Take for example, being in the moment. Do we actually have to make an effort to stay in the present when we are going through something close to our hearts? Say, something you enjoy doing, as eating your favourite ice cream, playing in the first showers? We only think of being in the moment when there is a painful and nagging situation, when we are at our wit’s end to figure out how to manage it. Being in the moment is not avoiding but fully engaging with what is happening. But most of the time we use being in the moment to actually escape from our own painful thoughts that won’t go away.
Take another spiritual practice of equanimity. Equanimity is commonly understood as staying neutral to all the situations in life. But in fact, equanimity is not neutrality. It is not avoiding painful or pleasurable emotions or being passive but being fully involved and allowing everything without resistance. Equanimity is being alive to both pain and pleasure as a rich experience without any preference towards one or other. True equanimity involves and includes everything. Not as it is commonly interpreted, as excluding or avoiding everything.
Complete acceptance is the most powerful solution to conflict and chaos. There is as much conflict in the heart as there is chaos in the world we see outside of us today. At all the levels of human existence, we are in a constant quest for acceptance. Not feeling accepted is at the core of all chaos and conflict. Right from individual personality level to the community at large, every conflict is a search for acceptance that we are unable to give to ourselves.
As a child, we are always expected to be something other than who we are. Not feeling accepted for exactly how we are, there is always a constant need to change, fix or adapt. If we are a talkative child, we are expected to be less chatty. If we are an introspective or intuitive child, we are nudged to be more outgoing or analytical. As we grow up, this continues to be a feeling of not being accepted, always feeling some gap in how we are showing up, however it is. No wonder FaceBook or YouTube likes define our existence today.
As individuals in a society, there is constant pressure to fit into the box of being acceptable. This narrow box never really fits anyone’s unique expression. We try to fit in 7.2 billion unique expressions into well defined boxes so that they do not outrage our sense of propriety or threaten our sense of security. Not much scope for real freedom of expression. By the time we grow up with these societal limitations, we get used to the boxes and we are lulled by an illusion we have freedom. However, the conflict in heart doesn’t go away, it pops up every time there is a life issue involving heart based decisions.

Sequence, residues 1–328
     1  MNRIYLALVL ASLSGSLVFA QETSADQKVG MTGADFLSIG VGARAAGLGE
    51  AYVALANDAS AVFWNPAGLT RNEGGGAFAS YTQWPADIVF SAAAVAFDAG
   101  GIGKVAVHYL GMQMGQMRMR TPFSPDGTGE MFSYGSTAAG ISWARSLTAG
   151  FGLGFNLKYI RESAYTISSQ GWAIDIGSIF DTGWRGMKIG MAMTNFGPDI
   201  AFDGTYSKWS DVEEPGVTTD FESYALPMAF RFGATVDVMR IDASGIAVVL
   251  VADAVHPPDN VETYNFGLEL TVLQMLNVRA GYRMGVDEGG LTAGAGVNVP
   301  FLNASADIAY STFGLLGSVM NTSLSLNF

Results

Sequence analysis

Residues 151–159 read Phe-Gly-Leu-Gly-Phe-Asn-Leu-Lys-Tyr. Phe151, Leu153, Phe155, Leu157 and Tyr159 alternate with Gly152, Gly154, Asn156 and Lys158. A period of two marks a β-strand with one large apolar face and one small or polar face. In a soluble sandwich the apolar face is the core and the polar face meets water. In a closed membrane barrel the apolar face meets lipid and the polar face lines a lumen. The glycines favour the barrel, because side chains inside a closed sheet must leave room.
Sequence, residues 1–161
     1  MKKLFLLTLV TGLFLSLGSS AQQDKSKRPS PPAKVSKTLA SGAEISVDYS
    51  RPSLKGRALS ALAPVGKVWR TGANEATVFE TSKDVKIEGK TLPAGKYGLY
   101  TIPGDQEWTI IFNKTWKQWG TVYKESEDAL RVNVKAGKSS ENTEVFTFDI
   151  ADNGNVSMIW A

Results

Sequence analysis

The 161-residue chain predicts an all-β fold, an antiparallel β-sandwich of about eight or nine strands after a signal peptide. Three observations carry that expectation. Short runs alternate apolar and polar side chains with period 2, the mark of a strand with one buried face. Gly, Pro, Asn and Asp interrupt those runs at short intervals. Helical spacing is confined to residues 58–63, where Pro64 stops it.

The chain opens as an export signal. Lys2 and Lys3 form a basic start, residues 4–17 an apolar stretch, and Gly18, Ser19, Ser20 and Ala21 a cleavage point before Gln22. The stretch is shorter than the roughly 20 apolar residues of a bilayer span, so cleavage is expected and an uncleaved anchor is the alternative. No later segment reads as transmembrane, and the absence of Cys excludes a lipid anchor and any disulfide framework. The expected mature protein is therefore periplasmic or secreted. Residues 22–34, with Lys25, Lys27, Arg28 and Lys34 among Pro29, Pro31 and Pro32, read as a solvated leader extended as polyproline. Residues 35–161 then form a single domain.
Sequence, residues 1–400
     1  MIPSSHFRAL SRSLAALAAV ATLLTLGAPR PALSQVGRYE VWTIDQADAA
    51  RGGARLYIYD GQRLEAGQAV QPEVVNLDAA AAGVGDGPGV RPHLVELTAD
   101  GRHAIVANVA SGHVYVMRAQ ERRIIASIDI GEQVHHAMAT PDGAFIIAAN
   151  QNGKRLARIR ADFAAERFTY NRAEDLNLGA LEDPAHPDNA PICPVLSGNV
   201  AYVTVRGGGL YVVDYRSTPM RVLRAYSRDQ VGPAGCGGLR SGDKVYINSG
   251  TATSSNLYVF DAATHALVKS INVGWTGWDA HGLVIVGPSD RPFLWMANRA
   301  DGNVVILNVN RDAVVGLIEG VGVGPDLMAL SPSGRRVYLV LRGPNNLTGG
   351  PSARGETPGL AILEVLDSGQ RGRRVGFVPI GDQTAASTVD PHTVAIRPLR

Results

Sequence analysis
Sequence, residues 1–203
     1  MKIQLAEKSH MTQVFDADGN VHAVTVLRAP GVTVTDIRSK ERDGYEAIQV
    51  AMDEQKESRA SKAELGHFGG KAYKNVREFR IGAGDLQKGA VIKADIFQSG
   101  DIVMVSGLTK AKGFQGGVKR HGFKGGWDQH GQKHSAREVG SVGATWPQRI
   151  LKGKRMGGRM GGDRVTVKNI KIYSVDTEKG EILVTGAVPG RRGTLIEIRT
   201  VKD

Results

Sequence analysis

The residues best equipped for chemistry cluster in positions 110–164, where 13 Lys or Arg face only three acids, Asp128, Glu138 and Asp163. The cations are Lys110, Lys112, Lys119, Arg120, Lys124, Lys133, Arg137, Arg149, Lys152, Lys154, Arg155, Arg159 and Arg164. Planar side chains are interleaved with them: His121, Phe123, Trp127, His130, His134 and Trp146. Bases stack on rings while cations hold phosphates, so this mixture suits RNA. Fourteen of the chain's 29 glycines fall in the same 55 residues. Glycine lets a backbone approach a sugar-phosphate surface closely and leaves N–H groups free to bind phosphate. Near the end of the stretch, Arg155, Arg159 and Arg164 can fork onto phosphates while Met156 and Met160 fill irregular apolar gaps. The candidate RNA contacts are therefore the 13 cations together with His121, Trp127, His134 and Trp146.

As a part of community, being accepted for our own faith, belief systems, ideologies – for a sense of belonging, defines our existential conflicts in the larger world. Entire history is full of bloody conflicts just on the basis – our belief in God has to be accepted by others as their belief too. As if, I cannot sustain my faith in my God or ideology unless everyone believes and accepts the same version of it.
Self acceptance is a powerful solution that allows us to grow out of our need for external validation. It allows us not just to accept who we are but also extend same level of acceptance to others and their expression, their belief systems and perspectives. We turn up into mature, responsible and tolerant individuals who do not have any need for conflict or chaos to sustain that belief in ourselves or our unique expression.
Peace is the most potent power in the entire Universe. We mistakenly equate power with having power over someone else or some situation external to us. But true power lies in being at absolute inner peace in face of any kind of external influence.
Imagine someone who is in that state of unshakeable peace. No one can be more powerful than that one at complete peace, when no external persons or situations can shake that peace. Who can have ascendency over them? Now imagine someone who is at peace in some situations but gets agitated in other situations by some one else’s influence. Who is more powerful? The one who can maintain his peace or the one who loses peace with external stimulus?
We may think such peace is not possible. But it is not just possible, it is surprisingly easy to be in a peaceful mode. It is we who give away others the power to influence our inner peace. All we need to do is to realise and commit to make our own peace to be more of a priority than anything else, even being right or having our own way. It does not make us powerless but more powerful.